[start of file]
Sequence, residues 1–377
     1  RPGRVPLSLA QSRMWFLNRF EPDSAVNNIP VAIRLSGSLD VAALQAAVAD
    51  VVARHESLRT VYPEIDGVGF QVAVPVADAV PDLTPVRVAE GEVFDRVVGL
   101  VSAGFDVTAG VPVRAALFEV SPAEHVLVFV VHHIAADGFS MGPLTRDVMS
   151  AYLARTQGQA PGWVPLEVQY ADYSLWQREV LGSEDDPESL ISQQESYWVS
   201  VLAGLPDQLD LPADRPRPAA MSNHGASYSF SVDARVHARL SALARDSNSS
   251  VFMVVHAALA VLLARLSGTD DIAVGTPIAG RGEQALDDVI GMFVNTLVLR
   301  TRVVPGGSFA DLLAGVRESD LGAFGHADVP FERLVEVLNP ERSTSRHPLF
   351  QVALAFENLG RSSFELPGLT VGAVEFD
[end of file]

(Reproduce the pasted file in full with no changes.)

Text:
Sequence, residues 1–377
     1  RPGRVPLSLA QSRMWFLNRF EPDSAVNNIP VAIRLSGSLD VAALQAAVAD
    51  VVARHESLRT VYPEIDGVGF QVAVPVADAV PDLTPVRVAE GEVFDRVVGL
   101  VSAGFDVTAG VPVRAALFEV SPAEHVLVFV VHHIAADGFS MGPLTRDVMS
   151  AYLARTQGQA PGWVPLEVQY ADYSLWQREV LGSEDDPESL ISQQESYWVS
   201  VLAGLPDQLD LPADRPRPAA MSNHGASYSF SVDARVHARL SALARDSNSS
   251  VFMVVHAALA VLLARLSGTD DIAVGTPIAG RGEQALDDVI GMFVNTLVLR
   301  TRVVPGGSFA DLLAGVRESD LGAFGHADVP FERLVEVLNP ERSTSRHPLF
   351  QVALAFENLG RSSFELPGLT VGAVEFD